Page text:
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Hall should mean something to current Islanders
Mercer Island High School athletes have a good sense of their team’s history. Most of the girls tennis players who compete on the varsity squad know that their program is one of the most successful in the state. All the swimmers understand that there have been some great teams in the past and that Mercer Island has a reputation for aquatic dynasties. And everyone knows about Mercer Island boys basketball. But the Hall of Fame is not what it could be. I guarantee that if you ask any current athletes about who was inducted into the Mercer Island High School Hall of Fame this year, they might be able to name one or two of the seven.
I know that scoring well on your math test is a lot more important for kids than knowing who is in their school’s Hall of Fame. But some of the athletes who went into the Hall this year were all-time greats. Sean Sussex is the greatest boys swimmer in the 50-year history of Mercer Island High School, and Beth Richards was one of the most dominating girls basketball players.
But the sad fact is that the Hall of Fame has become an event for the players being inducted and their families at halftime of a football game — with kids screaming in the stands, people already at the concessions and most clapping politely but not really listening to the ceremony. The event could be bigger with the current student body with just a little more visibility.
Some people may not even know where the actual plaques are located at the high school. I have to admit that I had to ask someone awhile back. They hang above the door to the gymnasium in the lunch room. Look up the next time you buy a ticket. I had to squint to read some of them. Most people who see these plaques are going to gym-based sporting events — that is all. You never see them when you go to a football game or swim meet. The current athletes, for whom this honor could inspire great things, never see them prior to the game. Most don’t look up while paying their money or turning over their ASB card.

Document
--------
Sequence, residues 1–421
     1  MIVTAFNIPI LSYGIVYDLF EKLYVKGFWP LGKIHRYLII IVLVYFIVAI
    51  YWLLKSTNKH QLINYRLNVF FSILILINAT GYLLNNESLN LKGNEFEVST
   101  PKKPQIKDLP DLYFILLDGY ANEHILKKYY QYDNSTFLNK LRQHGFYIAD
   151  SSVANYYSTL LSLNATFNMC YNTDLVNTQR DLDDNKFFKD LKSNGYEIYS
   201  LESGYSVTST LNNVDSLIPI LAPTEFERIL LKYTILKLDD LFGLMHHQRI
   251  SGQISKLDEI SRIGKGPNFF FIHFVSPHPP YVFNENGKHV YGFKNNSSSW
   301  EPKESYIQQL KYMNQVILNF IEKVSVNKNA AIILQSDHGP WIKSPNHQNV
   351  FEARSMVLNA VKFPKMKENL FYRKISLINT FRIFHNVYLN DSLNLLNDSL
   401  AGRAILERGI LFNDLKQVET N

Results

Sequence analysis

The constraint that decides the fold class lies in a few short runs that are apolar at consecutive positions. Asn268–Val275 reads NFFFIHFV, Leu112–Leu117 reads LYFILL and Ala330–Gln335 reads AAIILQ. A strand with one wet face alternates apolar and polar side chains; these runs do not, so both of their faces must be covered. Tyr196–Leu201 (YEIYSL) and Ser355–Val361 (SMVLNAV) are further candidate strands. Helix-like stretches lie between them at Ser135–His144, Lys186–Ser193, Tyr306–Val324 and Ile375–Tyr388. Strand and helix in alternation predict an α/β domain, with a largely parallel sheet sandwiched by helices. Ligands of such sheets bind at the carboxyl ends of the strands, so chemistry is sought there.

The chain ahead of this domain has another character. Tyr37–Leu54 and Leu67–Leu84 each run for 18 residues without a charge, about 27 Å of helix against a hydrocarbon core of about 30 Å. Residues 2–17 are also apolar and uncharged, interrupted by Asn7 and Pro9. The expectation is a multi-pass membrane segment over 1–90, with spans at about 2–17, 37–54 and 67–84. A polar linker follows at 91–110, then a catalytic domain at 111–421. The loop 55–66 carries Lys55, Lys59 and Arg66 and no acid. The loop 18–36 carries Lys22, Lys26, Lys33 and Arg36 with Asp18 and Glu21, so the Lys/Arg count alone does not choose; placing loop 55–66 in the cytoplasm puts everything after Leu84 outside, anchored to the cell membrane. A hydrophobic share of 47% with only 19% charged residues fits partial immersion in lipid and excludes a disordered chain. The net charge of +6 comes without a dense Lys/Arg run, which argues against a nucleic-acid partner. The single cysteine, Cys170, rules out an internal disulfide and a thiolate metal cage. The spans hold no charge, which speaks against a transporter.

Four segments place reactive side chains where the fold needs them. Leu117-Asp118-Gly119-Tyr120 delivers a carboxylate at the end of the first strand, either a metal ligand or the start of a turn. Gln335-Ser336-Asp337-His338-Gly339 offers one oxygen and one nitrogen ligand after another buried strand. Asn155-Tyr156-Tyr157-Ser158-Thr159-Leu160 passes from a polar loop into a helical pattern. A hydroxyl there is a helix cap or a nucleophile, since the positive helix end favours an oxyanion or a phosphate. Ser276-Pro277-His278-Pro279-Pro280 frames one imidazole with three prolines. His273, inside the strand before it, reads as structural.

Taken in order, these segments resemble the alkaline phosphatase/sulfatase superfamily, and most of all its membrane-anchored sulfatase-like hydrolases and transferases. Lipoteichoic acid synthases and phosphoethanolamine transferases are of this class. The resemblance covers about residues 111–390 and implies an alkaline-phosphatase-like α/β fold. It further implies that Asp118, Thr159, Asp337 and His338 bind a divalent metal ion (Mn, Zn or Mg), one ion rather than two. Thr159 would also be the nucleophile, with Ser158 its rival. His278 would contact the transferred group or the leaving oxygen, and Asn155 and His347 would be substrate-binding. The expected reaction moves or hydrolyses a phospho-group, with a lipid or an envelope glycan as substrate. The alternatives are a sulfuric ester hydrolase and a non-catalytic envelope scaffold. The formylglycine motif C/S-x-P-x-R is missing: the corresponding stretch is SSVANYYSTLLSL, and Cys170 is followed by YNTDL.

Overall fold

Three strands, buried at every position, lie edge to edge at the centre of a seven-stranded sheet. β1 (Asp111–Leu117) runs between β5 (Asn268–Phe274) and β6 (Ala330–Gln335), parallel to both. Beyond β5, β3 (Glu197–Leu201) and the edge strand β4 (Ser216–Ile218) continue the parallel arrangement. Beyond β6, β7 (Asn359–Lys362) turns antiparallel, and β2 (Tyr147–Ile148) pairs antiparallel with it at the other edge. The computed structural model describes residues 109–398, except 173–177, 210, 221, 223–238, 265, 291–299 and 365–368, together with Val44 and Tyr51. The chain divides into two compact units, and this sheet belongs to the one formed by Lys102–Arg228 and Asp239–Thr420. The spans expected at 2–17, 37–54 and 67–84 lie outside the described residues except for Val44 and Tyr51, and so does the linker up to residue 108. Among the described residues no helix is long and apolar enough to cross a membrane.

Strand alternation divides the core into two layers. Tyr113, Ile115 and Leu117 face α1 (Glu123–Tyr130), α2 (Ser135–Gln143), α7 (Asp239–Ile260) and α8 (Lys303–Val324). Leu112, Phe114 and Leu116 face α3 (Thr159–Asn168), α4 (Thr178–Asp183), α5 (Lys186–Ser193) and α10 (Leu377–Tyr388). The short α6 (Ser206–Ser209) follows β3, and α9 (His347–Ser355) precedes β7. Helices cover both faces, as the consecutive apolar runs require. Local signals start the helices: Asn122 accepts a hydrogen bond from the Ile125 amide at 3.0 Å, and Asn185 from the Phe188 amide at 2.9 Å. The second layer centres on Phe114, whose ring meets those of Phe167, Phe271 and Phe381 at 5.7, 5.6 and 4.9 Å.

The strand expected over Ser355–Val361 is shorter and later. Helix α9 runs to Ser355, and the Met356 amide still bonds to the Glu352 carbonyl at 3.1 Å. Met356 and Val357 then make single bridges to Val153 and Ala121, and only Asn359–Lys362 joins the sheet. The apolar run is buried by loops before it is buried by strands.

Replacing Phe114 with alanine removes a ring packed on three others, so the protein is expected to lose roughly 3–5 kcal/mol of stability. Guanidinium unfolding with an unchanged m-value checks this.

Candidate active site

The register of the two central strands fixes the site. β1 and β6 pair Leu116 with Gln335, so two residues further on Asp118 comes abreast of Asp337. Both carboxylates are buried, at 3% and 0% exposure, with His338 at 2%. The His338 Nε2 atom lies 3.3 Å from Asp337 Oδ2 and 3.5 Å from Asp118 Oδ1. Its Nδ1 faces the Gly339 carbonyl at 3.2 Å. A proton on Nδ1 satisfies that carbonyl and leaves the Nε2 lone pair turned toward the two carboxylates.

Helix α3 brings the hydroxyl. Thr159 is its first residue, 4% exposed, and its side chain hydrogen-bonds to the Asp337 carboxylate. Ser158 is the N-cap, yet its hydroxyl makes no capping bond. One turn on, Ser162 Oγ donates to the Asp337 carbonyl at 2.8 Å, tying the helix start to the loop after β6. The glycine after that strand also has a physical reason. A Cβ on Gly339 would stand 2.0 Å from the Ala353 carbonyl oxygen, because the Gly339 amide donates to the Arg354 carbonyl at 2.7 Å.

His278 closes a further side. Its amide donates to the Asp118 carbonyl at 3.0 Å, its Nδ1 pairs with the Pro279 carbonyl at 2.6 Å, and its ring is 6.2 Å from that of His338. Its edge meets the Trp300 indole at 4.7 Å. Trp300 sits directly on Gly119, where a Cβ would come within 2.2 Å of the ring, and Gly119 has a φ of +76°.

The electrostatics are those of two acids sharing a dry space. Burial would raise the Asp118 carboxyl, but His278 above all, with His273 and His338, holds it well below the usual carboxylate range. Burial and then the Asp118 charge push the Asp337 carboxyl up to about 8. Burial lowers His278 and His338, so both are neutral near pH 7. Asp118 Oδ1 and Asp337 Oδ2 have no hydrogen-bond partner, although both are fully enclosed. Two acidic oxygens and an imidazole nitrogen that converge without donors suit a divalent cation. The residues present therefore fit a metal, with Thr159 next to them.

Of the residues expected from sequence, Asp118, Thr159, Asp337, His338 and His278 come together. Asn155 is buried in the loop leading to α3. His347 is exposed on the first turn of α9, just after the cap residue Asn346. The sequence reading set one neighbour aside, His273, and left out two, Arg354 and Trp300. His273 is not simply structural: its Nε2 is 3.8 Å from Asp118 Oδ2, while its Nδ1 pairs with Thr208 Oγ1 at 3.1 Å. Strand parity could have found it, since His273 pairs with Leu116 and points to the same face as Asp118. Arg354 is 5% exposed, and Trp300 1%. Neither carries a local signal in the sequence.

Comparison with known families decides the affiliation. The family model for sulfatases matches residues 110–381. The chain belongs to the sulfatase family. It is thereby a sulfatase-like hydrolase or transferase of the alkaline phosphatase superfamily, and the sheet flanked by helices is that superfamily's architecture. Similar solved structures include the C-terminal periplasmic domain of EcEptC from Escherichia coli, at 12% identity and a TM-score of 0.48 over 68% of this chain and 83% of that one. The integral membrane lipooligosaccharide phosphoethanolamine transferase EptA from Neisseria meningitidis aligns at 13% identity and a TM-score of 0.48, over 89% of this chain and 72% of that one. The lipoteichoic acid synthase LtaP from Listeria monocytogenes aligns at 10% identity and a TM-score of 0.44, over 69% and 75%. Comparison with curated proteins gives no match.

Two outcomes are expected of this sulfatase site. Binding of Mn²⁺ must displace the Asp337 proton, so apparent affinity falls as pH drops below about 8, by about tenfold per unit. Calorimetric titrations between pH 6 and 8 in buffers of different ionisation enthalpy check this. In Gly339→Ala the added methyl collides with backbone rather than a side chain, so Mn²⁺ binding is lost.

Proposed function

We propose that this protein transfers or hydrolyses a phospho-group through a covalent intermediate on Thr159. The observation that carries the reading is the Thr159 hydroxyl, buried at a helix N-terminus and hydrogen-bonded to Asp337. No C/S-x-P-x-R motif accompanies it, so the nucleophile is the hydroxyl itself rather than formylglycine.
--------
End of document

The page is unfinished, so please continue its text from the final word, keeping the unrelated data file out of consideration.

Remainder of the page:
There are some great athletes in the Hall that could inspire kids if they were more visible. That leads me to my suggestion. There is an actual hall at the high school that nearly every athlete walks through, going to practice, to play a game, to change after a game or just to prepare for gym class. The long hallway between the gymnasium and the locker rooms is the perfect place to inspire today’s athletes with yesterday’s heros. It doesn’t cost any money. It doesn’t take more than a couple of hours. But moving the plaques to line this hallway could inspire and build bigger traditions among current athletes. Prior to big games, many Mercer Island teams walk this hallway to prepare to take on KingCo rivals and perennial state contenders. Seeing the plaques of the athletes, knowing that if they give a little more in that game or try a little harder at each practice, could inspire them to try and get their name in that hall. It could be inspiring to a football player, prior to taking the field against Bellevue High School, to see David Kurtman’s plaque on that wall — man who grew up on Mercer Island, won NCAA titles with USC and now plays for the Seahawks. A boys basketball player heading out to take on O’Dea could pass by Quinn Snyder’s plaque, who brought a state title to Mercer Island, played at Duke and went on to become a big-time coach. With a little money, the Hall could be bigger. Name it the Hall of Fame with it painted on the walls and framed records of the athletes next to their plaques. Booster Clubs could make it happen and help to inspire their athletes.
Speaking of coaches, there aren’t enough in the Hall. I realize that Dick Nicholl has been retired for less than two years, but this is a man who was extremely successful in giving three decades of his life to Mercer Island youth. Paul Jackson has been retired longer and is not in the Hall either. He gave nearly three decades to MIHS sports on the football field, but mainly on the wrestling mats.
Knowing how many state or KingCo titles your high school has won and hanging the banner in the gym is inspiring. But knowing something about the athletes who put up those titles is just as important. Making those athletes more visible to the kids who they can inspire would be a great way to motivate. Making the Hall more visible to the kids might get more to pay attention at halftime when the greats are honored for all of their hard work.